The HCS Phrase contains the following nine pitches: C, B-flat, C, B-flat, G, F-sharp, G, B-flat, C. The accompanying scale steps are 1, flat-7, 1, flat-7, 5, sharp-4, 5, flat-7, and 1. (Lepera Decl. P 30; Eskelin Tr. at 122, 123). HCS is a funk song laced with percussion and strong guitar sounds. It is energetic and invites the listener to participate. The HCS Phrase has a staccato rhythm with short hand clapping accompanying the lyrics.
HCS was released as a single in 1970 and was recorded on five albums between 1970 and 2001. (Nocentelli Decl. P 8). The song enjoyed great fame. For example, it was listed as a top 50 R & B single for several weeks in 1970. (Nocentelli Decl. P 10; Art Neville Decl. P 8).
B. My Love
My Love is a recent hit song performed by Whitney Houston and is included on an album by Houston that bears the same name. My Love is authored by plaintiffs Nel Wyclef Jean and Jerry Duplessis — both of whom are musicians, performers, and composers. (Compl. P 1, Ex. A; Def. Resp. to Pl. 56.1 Stmt. PP 1, 3). Plaintiffs Huss-Zwingli Publishing, Inc. (“Zwingli”) and Te-Bass Music, Inc. (“Te-Bass”) are music publishing entities respectively through which Jean and Duplessis own and control their music compositions. (Def. Resp. to Pl. 56.1 Stmt. PP 2, 4). The copyright for the words and music of My Love was registered in 1998. (Compl. P 14).
The playing time of My Love is 4 minutes, 15 seconds. (Lepera Decl., Ex. N). The My Love Phrase contains the following six pitches: C, B-flat, C, B-flat, G, B-flat. The accompanying scale steps are 1, flat-7, 1, flat-7, 5, and flat-7. (Lepera Decl. P 30; Eskelin Tr. at 133). As with HCS, My Love begins and ends with the phrase at issue. The song opens with a 13-second, four-time repetition of the My Love Phrase. The song ends with an eight-time repetition of the My Love Phrase that runs for 20 seconds. The My Love Phrase appears alone or as part of a repetition an additional 15 times. In total, the My Love Phrase covers 59 seconds of the playing time.
My Love was intended to be a “spiritual sounding ballad” with “an R & B vibe.” (Jean Tr. at 19). The song has a reggae sound with a slow, smooth base line accompanied by soft percussion. In comparison to HCS, My Love does not invite the listener to clap hands along with the lyrics. Instead, it is an easy listening song. During the song, the My Love Phrase is sometimes sung in the background with overlapping lyrics.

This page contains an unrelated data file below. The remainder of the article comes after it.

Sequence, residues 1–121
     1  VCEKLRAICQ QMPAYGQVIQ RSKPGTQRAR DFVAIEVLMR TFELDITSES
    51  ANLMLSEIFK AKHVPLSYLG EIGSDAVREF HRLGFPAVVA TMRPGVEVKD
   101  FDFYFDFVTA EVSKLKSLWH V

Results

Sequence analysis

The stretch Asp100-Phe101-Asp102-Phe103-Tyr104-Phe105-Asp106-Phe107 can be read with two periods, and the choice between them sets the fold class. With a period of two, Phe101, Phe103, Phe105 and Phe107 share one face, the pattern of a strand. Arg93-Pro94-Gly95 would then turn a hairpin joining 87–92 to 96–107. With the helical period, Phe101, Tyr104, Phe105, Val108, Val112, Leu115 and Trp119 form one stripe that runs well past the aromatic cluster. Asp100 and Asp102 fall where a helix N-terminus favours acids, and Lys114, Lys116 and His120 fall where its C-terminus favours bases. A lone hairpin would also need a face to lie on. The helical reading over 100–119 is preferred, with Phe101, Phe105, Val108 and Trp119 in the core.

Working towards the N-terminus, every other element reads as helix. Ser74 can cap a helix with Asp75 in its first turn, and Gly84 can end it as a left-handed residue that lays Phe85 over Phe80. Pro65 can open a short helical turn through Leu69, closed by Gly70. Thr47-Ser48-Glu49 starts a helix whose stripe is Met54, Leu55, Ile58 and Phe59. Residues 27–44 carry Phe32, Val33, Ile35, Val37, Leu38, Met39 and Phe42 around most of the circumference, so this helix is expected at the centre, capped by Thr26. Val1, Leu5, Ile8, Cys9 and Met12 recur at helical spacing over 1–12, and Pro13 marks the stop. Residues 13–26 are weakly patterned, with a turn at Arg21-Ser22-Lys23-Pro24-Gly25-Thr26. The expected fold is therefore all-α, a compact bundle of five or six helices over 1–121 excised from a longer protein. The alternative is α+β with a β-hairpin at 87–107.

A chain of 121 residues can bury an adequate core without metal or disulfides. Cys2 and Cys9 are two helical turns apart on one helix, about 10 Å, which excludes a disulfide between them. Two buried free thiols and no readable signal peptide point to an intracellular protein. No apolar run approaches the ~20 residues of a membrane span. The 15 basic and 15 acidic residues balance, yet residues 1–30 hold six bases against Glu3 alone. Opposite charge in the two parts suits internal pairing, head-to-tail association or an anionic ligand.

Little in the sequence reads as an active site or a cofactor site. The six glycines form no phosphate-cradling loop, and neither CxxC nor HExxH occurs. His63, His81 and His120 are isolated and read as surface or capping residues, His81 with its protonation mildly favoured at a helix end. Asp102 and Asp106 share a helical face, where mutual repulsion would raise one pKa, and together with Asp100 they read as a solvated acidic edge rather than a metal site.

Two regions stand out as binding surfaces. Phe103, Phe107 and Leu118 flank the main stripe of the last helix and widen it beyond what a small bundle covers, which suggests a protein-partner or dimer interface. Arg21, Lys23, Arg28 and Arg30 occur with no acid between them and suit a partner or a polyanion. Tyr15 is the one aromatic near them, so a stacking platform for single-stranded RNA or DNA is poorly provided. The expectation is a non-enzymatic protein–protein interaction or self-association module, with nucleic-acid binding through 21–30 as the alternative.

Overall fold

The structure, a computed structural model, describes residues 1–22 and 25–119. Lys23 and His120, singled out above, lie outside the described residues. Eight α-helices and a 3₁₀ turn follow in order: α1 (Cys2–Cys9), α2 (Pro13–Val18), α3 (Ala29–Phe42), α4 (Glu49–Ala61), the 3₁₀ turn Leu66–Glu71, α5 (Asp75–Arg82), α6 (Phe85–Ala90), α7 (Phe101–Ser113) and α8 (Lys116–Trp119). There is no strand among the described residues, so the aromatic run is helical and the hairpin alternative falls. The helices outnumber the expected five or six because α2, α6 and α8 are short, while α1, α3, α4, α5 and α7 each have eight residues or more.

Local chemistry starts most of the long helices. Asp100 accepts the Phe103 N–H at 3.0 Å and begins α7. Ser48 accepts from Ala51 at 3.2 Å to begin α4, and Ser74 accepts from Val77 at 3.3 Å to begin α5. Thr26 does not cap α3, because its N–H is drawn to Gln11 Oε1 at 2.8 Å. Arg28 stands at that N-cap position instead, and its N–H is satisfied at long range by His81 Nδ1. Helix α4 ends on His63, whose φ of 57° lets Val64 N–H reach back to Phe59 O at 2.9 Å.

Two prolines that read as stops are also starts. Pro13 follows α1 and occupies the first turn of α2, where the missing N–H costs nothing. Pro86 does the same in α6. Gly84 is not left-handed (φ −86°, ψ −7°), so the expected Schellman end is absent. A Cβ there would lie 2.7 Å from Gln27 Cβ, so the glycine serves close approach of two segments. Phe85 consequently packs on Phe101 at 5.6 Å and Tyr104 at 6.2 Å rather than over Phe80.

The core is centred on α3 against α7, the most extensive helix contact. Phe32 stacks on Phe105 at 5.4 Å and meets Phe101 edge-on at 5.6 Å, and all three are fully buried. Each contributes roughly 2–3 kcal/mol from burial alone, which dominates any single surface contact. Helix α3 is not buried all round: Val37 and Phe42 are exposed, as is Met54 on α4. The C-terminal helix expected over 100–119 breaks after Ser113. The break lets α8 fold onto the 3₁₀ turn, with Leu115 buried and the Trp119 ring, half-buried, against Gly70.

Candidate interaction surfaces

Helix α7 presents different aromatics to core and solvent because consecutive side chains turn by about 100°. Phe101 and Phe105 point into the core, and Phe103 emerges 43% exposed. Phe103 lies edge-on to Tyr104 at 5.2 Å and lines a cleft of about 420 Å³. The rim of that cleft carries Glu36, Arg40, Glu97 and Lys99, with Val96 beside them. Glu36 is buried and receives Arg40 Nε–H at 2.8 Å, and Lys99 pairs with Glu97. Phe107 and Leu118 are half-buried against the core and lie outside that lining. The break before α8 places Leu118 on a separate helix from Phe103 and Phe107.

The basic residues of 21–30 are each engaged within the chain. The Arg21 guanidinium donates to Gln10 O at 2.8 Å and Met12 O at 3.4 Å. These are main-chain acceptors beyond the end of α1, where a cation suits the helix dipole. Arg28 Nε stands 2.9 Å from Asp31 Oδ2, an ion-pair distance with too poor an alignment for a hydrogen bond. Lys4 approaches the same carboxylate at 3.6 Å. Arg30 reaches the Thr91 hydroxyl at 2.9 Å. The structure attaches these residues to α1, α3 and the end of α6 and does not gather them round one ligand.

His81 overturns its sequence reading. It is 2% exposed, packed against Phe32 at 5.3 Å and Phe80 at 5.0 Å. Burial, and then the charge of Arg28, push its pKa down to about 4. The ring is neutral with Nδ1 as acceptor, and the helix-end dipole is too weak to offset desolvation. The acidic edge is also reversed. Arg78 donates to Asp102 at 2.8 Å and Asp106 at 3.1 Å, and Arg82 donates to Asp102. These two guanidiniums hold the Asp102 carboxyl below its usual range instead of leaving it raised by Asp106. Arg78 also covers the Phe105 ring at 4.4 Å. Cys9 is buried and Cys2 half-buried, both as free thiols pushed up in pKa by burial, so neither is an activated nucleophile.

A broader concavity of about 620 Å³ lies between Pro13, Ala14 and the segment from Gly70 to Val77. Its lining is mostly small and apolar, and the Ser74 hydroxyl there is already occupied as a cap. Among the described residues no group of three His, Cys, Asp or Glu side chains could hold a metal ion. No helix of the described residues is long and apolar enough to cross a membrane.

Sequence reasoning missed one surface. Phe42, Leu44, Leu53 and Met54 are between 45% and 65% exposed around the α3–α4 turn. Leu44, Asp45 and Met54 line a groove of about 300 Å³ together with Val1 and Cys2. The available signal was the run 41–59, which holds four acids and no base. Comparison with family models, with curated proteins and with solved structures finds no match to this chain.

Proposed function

Plaintiffs never sought permission to use any portion of HCS.
C. The Song’s Similarities
The first three words in the HCS and My Love Phrases are identical — both start with “clap your hands.” (Eskelin Rep. P 6). The first three notes, including pitch and rhythm, in the phrases are identical as well. (Id.). These three notes and lyrics comprise the only portions identical in both songs. (Eskelin Tr. at 198, 279; Eskelin Decl. P 11).
D. Prior Art
The lyrics identical in both songs, “clap your hands,” can be found in the biblical phrase “O clap your hands all ye people.” (Ferrara Rep. at 5; Beavers Rep. at 2 (quoting Psalm 47:1, King James Version)). The lyrics can also be found in many songs, including “church anthems,” “secular music,” and “general entertainment related to applause.” (Eskelin Tr. at 272-73, 316). For example, the following nine recorded gospel songs contain the lyrics “clap your hands”: He is the Reason; I’ve Got Jesus; He’ll Welcome Me; Benny Cummings Medley: Lift Him Up; The Kingdom Medley: Higher, Higher; Love Lifted Me; Working On a Building; Lift Your Head Up, Rejoice in the Lord; and The Only Way. (Ferrara Rep., Ex. B; see also Beavers Rep. at 3-4, 8 & Listening Exs. 1.2, 2.2, 2.3 & 4.1). The website for Broadcast Music, Inc. (“BMI”) identifies 120 songs that include “clap your hands” in the title. (Ferrara Rep. at 5, Ex. C). A hymn written by Baroque English composer Henry Purcell (1659-1695) is entitled “clap your hands.” (Id. at 5).
The melodic sequence that is identical in both songs and accompanies the lyrics “clap your hands” — C, B-flat, C — appears in “thousands” of “songs.” (Eskelin Tr. 276-77). Those pitches matched with the rhythms in the HCS Phrase also create a common musical arrangement. (Eskelin Tr. 277).
II. Procedural History
At the end of 1999 and in January 2000, defendants sent letters to plaintiffs alleging that My Love infringed on the copyright of HCS. (Ans. PP 16, 18). In January 2000, defendants sent plaintiffs a letter demanding that plaintiffs cease and desist from continuing to violate copyright laws and compensate defendants for damages allegedly incurred. Defendants also threatened to file suit should plaintiffs continue their activities. (Ans. P 19). This suit followed. 3
Plaintiffs initiated this action on May 26, 2000 by filing a complaint seeking a declaratory judgment holding that My Love does not infringe defendants’ copyright and, accordingly, that plaintiffs are entitled to reproduce, distribute, adapt, exploit, market, and sell My Love. Plaintiffs also seek attorneys’ fees and costs.
On June 22, 2000, defendants filed an answer and counterclaim alleging copyright infringement. In the counterclaim defendants seek damages, profits resulting from any infringement, costs, attorneys’ fees, and an injunction enjoining plaintiffs from violating copyright laws.
These motions followed
I. Summary Judgment Standard